Shot down and captured

Bach’s replacement B-17 (42-31497) was an aircraft without a bombsight. Instead, Bach was to toggle the bomb payload on the lead bomber’s drop. The bomber had a crew of only nine due to the regular chief engineer not flying this mission, and it carried extra fuel and the minimum number of oxygen tanks. In turn, that meant the trip to about 50 miles southeast of Berlin, would be at a maximum 17,000 feet instead of the normal 35,000 feet altitude. The lower altitude, and the B-17’s ‘tail-end Charlie’ position in the formation made it vulnerable to both aerial attacks and a wide variety of flak. The combination proved too much for the B-17.

"Messerschmitt 109’s got engine #1, a Focke Wulf 190 got engine #3 and antiaircraft got engine #2 and it was time to leave. All nine of us got out.

"Our plane was pretty badly shot up and our belly gunner’s communications were evidently cut, because he didn’t know we were bailing out. The pilot, just before he went through the escape hatch, noticed Bernie’s chest pack (parachute) was still on the topside and realized Bernie Blanche was still in the bubble.

"Bernie swivels up and comes out swearing, and (after putting on his chute) goes out the window yelling ‘You son of a bitch!!’ "

Bach had bailed out and had parachuted safely until a gust of wind caught his canopy just before he landed. His right leg struck the ground and buckled. He shed his chute, limping as he covered it with pine branches, before curling himself around the base of a small pine tree. The tree hid him for a few minutes. But then he heard the sound of barking dogs and moved off to a more mature cluster of trees in which to hide his bright blue electric-heated flight suit.

He walked north for about an hour, before fatigue set in. He hid in some trees to catch some sleep, then began walking again, avoiding traffic on the road. But at the end of three days, he suddenly discovered he had returned full-circle to the place where he had landed after bailing out!

Without water for those three days, Bach was parched. He hailed a passing woman on a bicycle and she offered him ersatz coffee from a thermos she was carrying. As he lowered the thermos from his mouth, he noticed her expression had changed. Behind the downed airman stood a German soldier, aiming a rifle at Bach’s head.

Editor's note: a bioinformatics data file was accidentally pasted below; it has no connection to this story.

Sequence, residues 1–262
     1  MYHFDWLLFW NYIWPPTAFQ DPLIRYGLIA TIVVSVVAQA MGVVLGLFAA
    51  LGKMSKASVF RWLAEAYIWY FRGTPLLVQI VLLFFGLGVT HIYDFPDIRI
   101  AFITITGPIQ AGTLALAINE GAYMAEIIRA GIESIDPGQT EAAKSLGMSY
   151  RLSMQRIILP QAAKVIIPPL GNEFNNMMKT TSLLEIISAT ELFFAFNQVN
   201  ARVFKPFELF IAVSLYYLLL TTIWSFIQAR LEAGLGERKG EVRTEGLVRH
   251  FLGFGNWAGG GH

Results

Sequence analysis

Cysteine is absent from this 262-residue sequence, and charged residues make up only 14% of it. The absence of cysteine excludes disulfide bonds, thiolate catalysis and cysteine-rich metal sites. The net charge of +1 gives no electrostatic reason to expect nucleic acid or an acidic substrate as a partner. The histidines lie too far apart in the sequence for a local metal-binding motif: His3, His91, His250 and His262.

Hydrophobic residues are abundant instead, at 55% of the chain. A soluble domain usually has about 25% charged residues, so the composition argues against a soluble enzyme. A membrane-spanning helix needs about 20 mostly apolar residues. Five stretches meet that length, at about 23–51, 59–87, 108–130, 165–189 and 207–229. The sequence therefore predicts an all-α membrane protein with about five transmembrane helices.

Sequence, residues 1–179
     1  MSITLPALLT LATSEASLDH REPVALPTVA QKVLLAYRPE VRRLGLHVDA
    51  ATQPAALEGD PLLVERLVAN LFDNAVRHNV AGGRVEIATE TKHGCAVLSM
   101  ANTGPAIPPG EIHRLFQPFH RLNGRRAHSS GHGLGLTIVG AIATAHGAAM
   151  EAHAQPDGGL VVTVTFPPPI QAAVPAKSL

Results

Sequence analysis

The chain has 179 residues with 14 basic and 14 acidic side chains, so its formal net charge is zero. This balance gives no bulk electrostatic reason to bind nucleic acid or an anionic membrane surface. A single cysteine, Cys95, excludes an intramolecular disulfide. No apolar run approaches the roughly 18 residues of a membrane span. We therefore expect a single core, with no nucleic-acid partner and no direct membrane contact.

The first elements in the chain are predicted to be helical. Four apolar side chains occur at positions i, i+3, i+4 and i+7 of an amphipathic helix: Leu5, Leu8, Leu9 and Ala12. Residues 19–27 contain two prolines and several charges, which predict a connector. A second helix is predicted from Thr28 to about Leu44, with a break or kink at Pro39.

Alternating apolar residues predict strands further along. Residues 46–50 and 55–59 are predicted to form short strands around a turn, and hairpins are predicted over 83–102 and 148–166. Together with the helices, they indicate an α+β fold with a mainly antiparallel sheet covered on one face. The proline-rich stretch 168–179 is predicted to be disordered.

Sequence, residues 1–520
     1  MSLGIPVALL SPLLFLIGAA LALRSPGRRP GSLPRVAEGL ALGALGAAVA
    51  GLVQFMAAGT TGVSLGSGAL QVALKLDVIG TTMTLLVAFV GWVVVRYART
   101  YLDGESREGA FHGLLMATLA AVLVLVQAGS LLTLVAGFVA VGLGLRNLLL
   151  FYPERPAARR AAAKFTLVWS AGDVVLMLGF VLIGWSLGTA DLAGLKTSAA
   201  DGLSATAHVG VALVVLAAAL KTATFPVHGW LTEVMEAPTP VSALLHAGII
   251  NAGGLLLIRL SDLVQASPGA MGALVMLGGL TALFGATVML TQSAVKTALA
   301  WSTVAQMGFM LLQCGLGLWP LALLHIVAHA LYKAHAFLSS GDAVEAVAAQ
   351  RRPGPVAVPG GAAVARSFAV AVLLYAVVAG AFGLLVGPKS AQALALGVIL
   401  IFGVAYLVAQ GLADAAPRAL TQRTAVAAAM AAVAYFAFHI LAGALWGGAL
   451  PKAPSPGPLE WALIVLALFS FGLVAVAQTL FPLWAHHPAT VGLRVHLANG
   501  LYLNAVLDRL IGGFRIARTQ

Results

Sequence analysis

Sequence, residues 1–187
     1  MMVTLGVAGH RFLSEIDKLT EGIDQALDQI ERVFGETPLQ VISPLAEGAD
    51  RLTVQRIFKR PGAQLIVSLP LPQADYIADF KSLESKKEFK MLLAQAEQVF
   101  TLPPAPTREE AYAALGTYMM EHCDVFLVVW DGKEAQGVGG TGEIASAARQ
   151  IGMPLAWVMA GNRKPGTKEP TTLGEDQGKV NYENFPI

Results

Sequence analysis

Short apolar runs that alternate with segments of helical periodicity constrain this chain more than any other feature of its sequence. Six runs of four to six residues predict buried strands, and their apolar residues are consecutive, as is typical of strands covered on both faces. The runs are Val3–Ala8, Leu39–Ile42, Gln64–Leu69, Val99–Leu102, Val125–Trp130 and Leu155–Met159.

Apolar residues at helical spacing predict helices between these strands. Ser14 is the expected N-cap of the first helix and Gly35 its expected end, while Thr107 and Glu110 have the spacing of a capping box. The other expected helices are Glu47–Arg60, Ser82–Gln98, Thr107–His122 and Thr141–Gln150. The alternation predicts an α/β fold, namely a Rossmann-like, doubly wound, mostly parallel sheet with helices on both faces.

Bach says he was taken to Dulag Luft in Frankfort am Main, where he and eleven other airmen were "received" at a brick building inside a barbed-wire-surrounded compound. There was a long row of tables in a room, with one guard seated behind the table for each POW standing in front of the table.

Told to empty the pockets of his blue flight overalls, Bach produced an escape kit belonging to another airman. His guard/clerk accused Bach of being a spy. Then the German interrogator reached inside Bach’s flight suit and grabbed his dogtags, which included the airman’s name, rank, serial number, blood type and the notation "(H)", for Hebrew.

"The German’s lips twisted into a crooked sneer, ‘Jude!’ It dripped from his mouth like a snarl from a mad dog."

Bach’s heritage led the stalag guards to place him in a windowless cell with a steel door. A light in the high ceiling illuminated a plank of wood covered with a bag of straw that was Bach’s bed.

Another interrogator, who said he was from the Red Cross, came into Bach‘s cell and commanded the airman to give information so Bach’s parents could be notified. When the questioning shifted to Bach’s unit, commanding officer and codes, Leo returned to answering with name, rank and serial number.

"This infuriated my interrogator. His reaction to my response was chilling: ‘Come now, we know that you’re a Jew. We only want to make things easier for you. You know the military people have no use for Jews. If you cooperate with me, I can make things easier for you."

Bach remained silent. Then he was alone again with his fears.

Star Spangled Banner

Bach was expecting his "Red Cross" investigator to come back for a second round, but he never did. Instead, for some unknown reason about 50 Americans were herded into a small patch of dusty ground heavily surrounded by barbed wire fencing.

As the Americans shuffled restlessly in the stockade, one began singing in what Bach recalls was a gravelly whisper, barely audible…

"Oh, say can you see… by the dawn's early light… O'er the ramparts we watched were so gallantly streaming… Gave proof through the night that our flag was still there….

"It was picked up by others, a little louder, and soon we were all singing. The whisper had changed to singing. Never before, nor since, have I heard the difficult piece of music sung so beautifully.

"It was one of those moments when men dropped all pretence and let their deepest emotions and love for one another show. It gave us the strength we didn’t know we had. We had won. We had been alone and now we are together and alive. We could make it, we could make it. Our voices dropped down to a whisper.

" ‘We did make it!’ our thoughts shouted."

Before long, Bach was moved to Stalag Luft I, where life was different. In this larger camp, the American and British contingents set up their own organization and operations. With concerns the Germans would try to infiltrate the POW population, internal security was a top priority, and the Americans always interrogated new prisoners as they came in.